Much Touted Merck’s COVID-19 Drug-Molnupiravir Shown To Be Less Effective In New Analysis. Experts Question Its Efficacy Against The Omicron Variant
: Updated data on molnupiravir shows the drug reduces hospitalization or death by 30%, down from the initially reported 50% efficacy.
Last week Merck has provided updated data on its COVID-19 antiviral, molnupiravir, that shows the antiviral to be significantly less effective against the virus than previously thought. https://www.merck.com/news/merck-and-ridgeback-biotherapeutics-provide-update-on-results-from-move-out-study-of-molnupiravir-an-investigational-oral-antiviral-medicine-in-at-risk-adults-with-mild-to-moderate-covid-19/
The new analysis, shared by the company shows that treatment with molnupiravir reduces hospitalization or death by 30%. The drug’s efficacy is considerably lower than what was reported in interim analysis in October, when molnupiravir was said to reduce the risk of hospitalization and death by around 50%.
The new updated results are based on an analysis of data from all 1,433 enrolled patients in the MOVe-OUT study of the drug. Merck said both the interim analysis and additional data “support the efficacy and overall favorable benefit-risk assessment” of molnupiravir as a treatment for mild-to-moderate COVID-19 in those at high risk of severe disease.
The new data was further scrutinized at a US FDA Advisory committee meeting being held to discuss molnupiravir’s potential emergency use authorization.
A panel of expert advisers to the U.S. Food and Drug Administration on Tuesday narrowly voted to recommend the agency authorize Merck & Co's (MRK.N) antiviral pill to treat COVID-19.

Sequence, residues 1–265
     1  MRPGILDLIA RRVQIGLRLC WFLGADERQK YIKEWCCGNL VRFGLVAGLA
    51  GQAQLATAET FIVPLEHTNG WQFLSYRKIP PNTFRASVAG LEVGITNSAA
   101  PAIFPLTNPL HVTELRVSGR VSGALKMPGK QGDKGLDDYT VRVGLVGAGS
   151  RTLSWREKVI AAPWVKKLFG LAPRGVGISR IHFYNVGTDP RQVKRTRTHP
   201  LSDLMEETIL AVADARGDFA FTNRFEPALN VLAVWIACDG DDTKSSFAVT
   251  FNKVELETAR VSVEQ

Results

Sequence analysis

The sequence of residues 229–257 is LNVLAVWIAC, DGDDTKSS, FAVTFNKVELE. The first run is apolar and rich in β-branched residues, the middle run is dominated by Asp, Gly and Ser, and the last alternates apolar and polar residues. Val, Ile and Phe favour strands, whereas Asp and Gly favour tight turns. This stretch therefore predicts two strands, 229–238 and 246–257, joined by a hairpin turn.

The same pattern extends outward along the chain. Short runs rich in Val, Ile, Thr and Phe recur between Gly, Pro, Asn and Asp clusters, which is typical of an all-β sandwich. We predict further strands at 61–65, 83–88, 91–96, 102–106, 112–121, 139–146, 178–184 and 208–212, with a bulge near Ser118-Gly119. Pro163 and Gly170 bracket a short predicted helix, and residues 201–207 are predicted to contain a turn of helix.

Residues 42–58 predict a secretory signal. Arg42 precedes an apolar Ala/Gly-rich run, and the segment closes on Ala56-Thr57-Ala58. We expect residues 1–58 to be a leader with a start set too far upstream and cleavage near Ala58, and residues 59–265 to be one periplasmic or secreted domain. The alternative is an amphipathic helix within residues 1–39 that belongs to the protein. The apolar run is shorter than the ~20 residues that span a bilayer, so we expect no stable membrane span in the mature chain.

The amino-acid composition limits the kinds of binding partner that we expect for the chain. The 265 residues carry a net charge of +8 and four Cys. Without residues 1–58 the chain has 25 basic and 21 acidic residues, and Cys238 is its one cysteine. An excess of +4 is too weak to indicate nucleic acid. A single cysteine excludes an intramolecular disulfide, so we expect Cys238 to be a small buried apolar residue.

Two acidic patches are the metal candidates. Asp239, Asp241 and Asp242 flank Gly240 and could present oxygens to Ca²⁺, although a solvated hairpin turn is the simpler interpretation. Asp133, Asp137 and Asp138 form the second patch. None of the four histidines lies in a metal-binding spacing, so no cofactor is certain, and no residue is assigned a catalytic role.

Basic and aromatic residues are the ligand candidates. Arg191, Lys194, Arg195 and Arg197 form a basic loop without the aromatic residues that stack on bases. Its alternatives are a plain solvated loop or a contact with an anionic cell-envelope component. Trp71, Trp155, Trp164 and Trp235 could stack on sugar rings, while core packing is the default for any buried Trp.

"COVID-19 is still an emergency situation," said committee member Dr. David Hardy, who voted yes. "There is a need for something like this. This is the first opportunity that an oral outpatient medication for mildly symptomatic to moderately symptomatic persons would be available, although I do have questions about its overall longer-term efficacy."
The Phase II/III results were planned for publication in the New England Journal of Medicine but have been delayed because of new information, the journal said.
Molnupiravir has been touted as a potential game-changer in the fight against Covid-19 ever since the interim data showing drastic reductions in hospitalization and death were released. Initial enthusiasm for the drug led to its approval by the UK’s medicines regulator in early November, and purchase agreements for large supplies of the drug have been made with a number of countries.
To date there are no real COVID-19 Drugs
that have proven to be effective in treating the COVID-19 disease. Most approved under EUA status by the U.S. FDA are basically overpriced drugs with questionable true efficacy and in some cases some have proven to be toxic while some are seemingly driving mutations and variants as in the case of the monoclonal and polyclonal therapeutics.
mp;rsquo;s updated results for molnupiravir come just days after a new SARS-Cov-2 variant, Omicron (B.1.1.529), was detected in South Africa. The variant has since been identified in several other countries including Australia, the UK and Canada and has been classified as a variant of concern by the World Health Organization (WHO). It is not yet clear how the mutations in the new variant affects the virus’s transmissibility, severity of disease or the effectiveness of currently available vaccines and treatments, as per the WHO.
A pharma expert speaking on conditions of anonymity warned, "If you look at the sequence of the of the RNA polymerase, the sequence of the Omicron variant is slightly different from all of these other variants, so how can you predict that it should be equally active?"
There are also concerns that the molnupiravir being a mutagenic drug might actually drive more worrisome SARS-CoV-2 mutations and variants.
The new Omicron variant’s emergence has also put the spotlight on Pfizer’s antiviral, Paxlovid, which is also vying for an emergency use authorization based on an 89% efficacy in reducing COVID-19-associated hospitalization or death. Pfizer is also yet to publish results from its own Paxlovid trial but has signed several delivery agreements already.
Thailand Medical News predicts that both drugs are just typical COVID-19 drug scams being perpetrated by big pharma and also the American and European politicians and the billionaire techies controlling the COVID-19 narratives as in the case of the drug Remdesivir.
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